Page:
This week is International Fraud Awareness Week, so we have taken the opportunity to think about how our clients, and we ourselves, may be affected by fraud. There are certainly plenty of cases of fraud to read about in the news; most recently I was surprised to learn of fraudulent money ($17m!) being raised for an apparent Netflix movie, which turned out to be a scam. There are many stories relating to the consequences of fraud, where people and businesses have sadly fallen victim, but there seems to be insufficient guidance on how to protect ourselves and our businesses. Apparently, in the UK, there is a financial fraud every 17 seconds; I find this statistic pretty alarming!
Some clients acknowledge the threat and ask us for advice on how to protect their business from fraud, whilst other clients tell us “it wouldn’t happen to us.” Unfortunately, the risk of fraud is constantly increasing and inevitably, every business needs to think about it and take actions to protect themselves. Interestingly, the most common type of fraud is internal, so having a strong internal control environment and open culture simply isn’t enough. As an auditor, I regularly think about how my clients can guard against internal fraud, but more recently, we’ve had to broaden our recommendations on how they can protect themselves from external fraud as well. This is, of course, much more of a challenge for us all, given how advanced the scams can be. I have picked out some of the key ways to help minimise fraud risk to organisations and individuals and have summarised my thoughts below.
Challenge and question
Management should regularly review reports and financial information, and question anything that looks unusual, or not how they might be expecting it to look. This includes challenging good news – I know myself that if something hadn’t gone as well as I’d hoped, I would ask more questions than if something had gone better than I had expected it to. Businesses should analyse their performance and margins against competitors and ask some questions if these seem to be doing better than everyone else. Patisserie Valerie clearly did not do this, as their margins were significantly better than those of their competitors. Had this question been asked, there may have been a different outcome.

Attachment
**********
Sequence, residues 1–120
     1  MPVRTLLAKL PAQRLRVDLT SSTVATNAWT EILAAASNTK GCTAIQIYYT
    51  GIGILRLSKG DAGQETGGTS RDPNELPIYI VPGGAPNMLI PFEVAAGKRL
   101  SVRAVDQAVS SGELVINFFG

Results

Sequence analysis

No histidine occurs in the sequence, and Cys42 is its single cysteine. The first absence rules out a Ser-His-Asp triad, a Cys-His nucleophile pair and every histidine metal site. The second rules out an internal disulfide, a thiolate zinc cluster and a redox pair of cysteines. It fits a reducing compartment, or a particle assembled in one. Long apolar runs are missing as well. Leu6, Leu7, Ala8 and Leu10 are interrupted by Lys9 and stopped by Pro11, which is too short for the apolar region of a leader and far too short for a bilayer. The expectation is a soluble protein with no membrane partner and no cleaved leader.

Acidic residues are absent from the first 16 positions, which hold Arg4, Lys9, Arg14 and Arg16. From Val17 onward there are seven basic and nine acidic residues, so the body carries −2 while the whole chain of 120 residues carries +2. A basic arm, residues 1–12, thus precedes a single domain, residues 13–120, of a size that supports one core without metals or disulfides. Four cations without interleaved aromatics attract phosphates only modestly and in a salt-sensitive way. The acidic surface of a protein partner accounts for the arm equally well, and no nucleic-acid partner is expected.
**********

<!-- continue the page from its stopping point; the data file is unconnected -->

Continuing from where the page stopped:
Be careful with emails
It is common for frauds to happen over email; this could be identity theft or interception of the email itself, or its attachments. There could also be links included within emails containing viruses.
A fairly common fraud is whereby companies receive a change of bank details over email from their “supplier.” If the email is not the supplier, funds will be paid and likely lost. This may only become clear when the real supplier chases for payment. This obviously has a financial impact on the business, but there is also a significant administrative burden of sorting it out after the event. This can be avoided by picking up the phone to your regular supplier contact (using the phone number from your system or database rather than the number in the email) and confirming that the email is genuine, and double checking all the details.
Apply extra caution when invoices are sent by email. Some fraudulent invoices will be perfect copies of what you would normally see. Ensure you have a process in place to think twice, or double check when paying invoices received by email.
In summary, never rely on an email only. This may not be who you think it is, or may have been intercepted. Always make that phone call for some extra reassurance. It is equally important not to click on links contained within emails, especially from email addresses you do not recognise.
As mentioned, frauds seem to be becoming more and more advanced, and it is important that staff are kept up to date with what they can do to protect themselves, both as individuals and as employees. There is little value in delivering training that may be forgotten about after a few weeks, so it must be regularly refreshed. Staff should be trained, and there should be controls in place to ensure they are following the checking process each and every time they receive an email, for example. It only takes one mistake for there to be some negative consequences. Staff should also have guidance on social media and sharing business information. There also needs to be general awareness in the workplace; clear policies and procedures are a good place to start.
Some companies send test fraudulent emails to see how staff react; the emails will likely include some of the “red flags” that staff should be looking out for, to see if they pick them up. The red flags can include incorrect spelling and poor presentation, or the sender address looking unusual (I have seen some that seem to be made up of random letters and numbers, rather than the format of ‘someone’s name @ the company they work for’), or urgency in the email to act straight away. Test emails seem to work well and can be a valuable training exercise. If it makes someone ask that extra question, it is probably worth doing.
So, if you’re concerned about fraud but are unsure where to begin, we would recommend that a good place to start is by asking that extra question. Whether that extra question is challenging a result, picking up the phone to a supplier to check an email is genuinely from, or checking a link before clicking, it may be just what is needed to avoid some the consequences of being victim to fraud.
If you would like further advice on how to protect your business from fraud, please do not hesitate to get in touch with our team.